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Surgical management of invasive gastric cancer

Paul F Mansfield, MD, FACS
Section Editors
Kenneth K Tanabe, MD
David I Soybel, MD
Deputy Editors
Diane MF Savarese, MD
Wenliang Chen, MD, PhD


Worldwide, the incidence of and mortality from gastric cancer has declined dramatically since the 1930s. (See "Epidemiology of gastric cancer", section on 'Incidence'.)

However, gastric cancer remains a lethal disease. In the United States, approximately 28,000 patients are diagnosed annually, and 10,960 are expected to die from the disease [1]. Global, country-specific rates of incidence and mortality are available from the World Health Organization (WHO) GLOBOCAN database.

Prognosis has improved only modestly over the last two decades, attributable to advances in surgical treatment, postoperative care, and multimodality therapy. In the US, the overall five-year survival rate for all stages combined was 27 percent between 2001 and 2007, compared with 15 percent between 1975 and 1977 [2]. The high mortality rate reflects the prevalence of advanced disease at presentation and relatively aggressive biology. Early lesions are usually asymptomatic and infrequently detected outside the realm of a screening program. (See "Clinical features, diagnosis, and staging of gastric cancer".)

An additional contributing factor to the persistently high mortality rate is the change in the distribution of cancers from the body and antrum to the proximal stomach during the past 20 years. Cancers involving the proximal stomach and esophagogastric junction (EGJ) have increased steadily at a rate exceeding that of any other cancer except melanoma and lung cancer. Aside from a correlation with increasing obesity, the reasons for this are unclear. Proximal lesions are biologically more aggressive and have a worse prognosis, stage for stage, than do distal gastric cancers [3]. This suggests that their pathogenesis differs from cancers arising in other parts of the stomach [4]. (See "Epidemiology of gastric cancer", section on 'Incidence' and "Epidemiology of gastric cancer", section on 'Change in histology pattern' and "Epidemiology, pathobiology, and clinical manifestations of esophageal cancer", section on 'Epidemiology' and "Epidemiology, pathobiology, and clinical manifestations of esophageal cancer", section on 'Pathobiology'.)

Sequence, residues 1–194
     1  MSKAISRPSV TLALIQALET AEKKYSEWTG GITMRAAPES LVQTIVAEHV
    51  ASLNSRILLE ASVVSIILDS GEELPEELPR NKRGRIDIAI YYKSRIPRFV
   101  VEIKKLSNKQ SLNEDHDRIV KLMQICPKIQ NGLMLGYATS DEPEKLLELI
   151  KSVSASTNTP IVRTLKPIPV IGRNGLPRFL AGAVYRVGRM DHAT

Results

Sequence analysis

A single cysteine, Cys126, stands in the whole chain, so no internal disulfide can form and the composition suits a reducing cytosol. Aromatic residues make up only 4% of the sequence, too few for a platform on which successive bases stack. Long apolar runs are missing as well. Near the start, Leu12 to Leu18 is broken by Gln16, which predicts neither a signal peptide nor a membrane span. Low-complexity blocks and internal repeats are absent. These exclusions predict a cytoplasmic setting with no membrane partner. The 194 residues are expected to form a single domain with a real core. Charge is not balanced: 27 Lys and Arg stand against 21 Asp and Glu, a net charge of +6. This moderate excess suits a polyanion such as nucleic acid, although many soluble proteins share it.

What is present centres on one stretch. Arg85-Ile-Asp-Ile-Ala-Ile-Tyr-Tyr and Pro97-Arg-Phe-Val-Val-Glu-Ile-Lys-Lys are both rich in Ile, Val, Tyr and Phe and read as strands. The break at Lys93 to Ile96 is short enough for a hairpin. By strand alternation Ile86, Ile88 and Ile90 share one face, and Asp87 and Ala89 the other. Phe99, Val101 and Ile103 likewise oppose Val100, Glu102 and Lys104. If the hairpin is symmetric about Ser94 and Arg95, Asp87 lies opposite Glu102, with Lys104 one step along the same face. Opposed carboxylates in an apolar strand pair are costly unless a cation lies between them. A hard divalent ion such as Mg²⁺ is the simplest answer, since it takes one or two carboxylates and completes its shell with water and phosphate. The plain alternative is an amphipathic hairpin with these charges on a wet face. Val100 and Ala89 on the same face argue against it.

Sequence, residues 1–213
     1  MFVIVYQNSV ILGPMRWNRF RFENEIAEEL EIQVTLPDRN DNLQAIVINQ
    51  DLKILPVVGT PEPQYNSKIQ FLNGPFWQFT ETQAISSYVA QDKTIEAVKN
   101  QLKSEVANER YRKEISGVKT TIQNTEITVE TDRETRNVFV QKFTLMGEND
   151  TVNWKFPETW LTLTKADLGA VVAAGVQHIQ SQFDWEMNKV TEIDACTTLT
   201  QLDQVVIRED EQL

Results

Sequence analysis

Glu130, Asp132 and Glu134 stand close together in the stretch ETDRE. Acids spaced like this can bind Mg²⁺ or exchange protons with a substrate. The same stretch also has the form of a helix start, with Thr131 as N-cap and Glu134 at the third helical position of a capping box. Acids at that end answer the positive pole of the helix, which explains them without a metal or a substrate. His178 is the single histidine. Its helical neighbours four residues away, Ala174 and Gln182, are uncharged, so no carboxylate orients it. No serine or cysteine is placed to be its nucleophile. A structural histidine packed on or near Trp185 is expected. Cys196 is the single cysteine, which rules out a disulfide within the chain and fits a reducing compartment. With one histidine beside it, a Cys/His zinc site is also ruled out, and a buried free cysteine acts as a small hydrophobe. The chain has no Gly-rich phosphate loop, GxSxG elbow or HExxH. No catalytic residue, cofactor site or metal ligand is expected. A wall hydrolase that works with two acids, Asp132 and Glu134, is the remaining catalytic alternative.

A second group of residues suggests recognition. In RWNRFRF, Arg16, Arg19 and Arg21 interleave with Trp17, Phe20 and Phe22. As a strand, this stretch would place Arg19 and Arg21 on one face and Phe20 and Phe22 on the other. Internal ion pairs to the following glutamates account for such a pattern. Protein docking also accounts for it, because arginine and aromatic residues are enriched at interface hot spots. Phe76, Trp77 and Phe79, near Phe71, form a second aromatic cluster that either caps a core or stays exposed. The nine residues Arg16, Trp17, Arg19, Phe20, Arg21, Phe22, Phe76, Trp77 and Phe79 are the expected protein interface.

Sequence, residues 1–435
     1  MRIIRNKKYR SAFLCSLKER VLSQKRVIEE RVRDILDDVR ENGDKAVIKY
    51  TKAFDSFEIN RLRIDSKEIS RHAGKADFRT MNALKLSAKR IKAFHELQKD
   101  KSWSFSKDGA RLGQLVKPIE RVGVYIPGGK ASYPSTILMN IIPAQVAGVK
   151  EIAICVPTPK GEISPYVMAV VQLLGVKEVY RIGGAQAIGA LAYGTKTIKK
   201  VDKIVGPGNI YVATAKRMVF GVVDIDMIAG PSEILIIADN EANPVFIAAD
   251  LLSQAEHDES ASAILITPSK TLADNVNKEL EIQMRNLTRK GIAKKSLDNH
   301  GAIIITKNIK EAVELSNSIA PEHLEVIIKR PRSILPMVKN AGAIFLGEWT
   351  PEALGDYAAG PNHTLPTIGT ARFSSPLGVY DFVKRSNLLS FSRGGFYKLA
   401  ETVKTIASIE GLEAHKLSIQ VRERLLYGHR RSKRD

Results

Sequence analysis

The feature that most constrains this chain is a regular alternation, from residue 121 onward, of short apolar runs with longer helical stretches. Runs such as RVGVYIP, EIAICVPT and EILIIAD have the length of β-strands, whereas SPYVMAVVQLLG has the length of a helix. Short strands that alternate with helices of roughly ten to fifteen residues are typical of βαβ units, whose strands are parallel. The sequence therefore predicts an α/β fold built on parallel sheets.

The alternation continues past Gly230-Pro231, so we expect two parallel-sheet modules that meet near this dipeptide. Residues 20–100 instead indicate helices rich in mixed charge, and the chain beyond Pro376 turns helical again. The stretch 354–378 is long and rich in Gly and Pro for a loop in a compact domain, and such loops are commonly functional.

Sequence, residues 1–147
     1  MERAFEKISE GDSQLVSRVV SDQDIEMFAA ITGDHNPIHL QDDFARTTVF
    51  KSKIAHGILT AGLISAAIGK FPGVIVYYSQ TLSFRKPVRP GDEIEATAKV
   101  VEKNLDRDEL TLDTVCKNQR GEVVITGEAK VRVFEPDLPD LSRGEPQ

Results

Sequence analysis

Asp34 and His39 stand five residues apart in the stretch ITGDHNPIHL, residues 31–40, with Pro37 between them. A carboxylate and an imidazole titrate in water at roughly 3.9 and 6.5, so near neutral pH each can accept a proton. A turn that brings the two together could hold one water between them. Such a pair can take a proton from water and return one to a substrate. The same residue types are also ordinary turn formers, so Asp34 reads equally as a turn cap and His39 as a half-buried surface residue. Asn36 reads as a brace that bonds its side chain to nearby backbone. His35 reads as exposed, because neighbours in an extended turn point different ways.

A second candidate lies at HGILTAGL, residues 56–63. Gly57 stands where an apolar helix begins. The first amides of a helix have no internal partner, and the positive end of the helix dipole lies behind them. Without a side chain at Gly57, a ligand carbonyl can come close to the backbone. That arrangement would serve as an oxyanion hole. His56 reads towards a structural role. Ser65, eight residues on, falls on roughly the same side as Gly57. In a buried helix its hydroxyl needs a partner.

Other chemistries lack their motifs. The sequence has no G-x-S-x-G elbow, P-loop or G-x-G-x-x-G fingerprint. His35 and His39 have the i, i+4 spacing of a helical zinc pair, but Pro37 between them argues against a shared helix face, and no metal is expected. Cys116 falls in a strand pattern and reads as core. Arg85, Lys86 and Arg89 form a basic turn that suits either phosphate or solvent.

The classification and management of cancers arising at the EGJ have evolved over time. In the latest, eighth edition of the tumor, node, metastasis (TNM) staging manual [5], tumors arising at the EGJ with the tumor epicenter no more than 2 cm into the proximal stomach are staged as esophageal cancers (the so-called Siewert III EGJ tumors [6], see below). However, in contrast, EGJ tumors with their epicenter located more than 2 cm into the proximal stomach are staged as stomach cancers, as are all cardia cancers not involving the EGJ. Although implementation of the revised staging tables has been delayed until January 1, 2018 in the United States to allow for the updating of protocols, guidelines, and software, the scientific principles (including the reclassification of the boundary between esophagus and gastric tumors) is valid as of November 2016. Outside of the United States, the Union for International Cancer Control (UICC) has implemented the eighth edition changes as of January 1, 2017. (See "Diagnosis and staging of esophageal cancer", section on 'TNM staging criteria' and "Clinical features, diagnosis, and staging of gastric cancer", section on 'TNM staging criteria'.)

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Literature review current through: Nov 2017. | This topic last updated: Aug 22, 2017.
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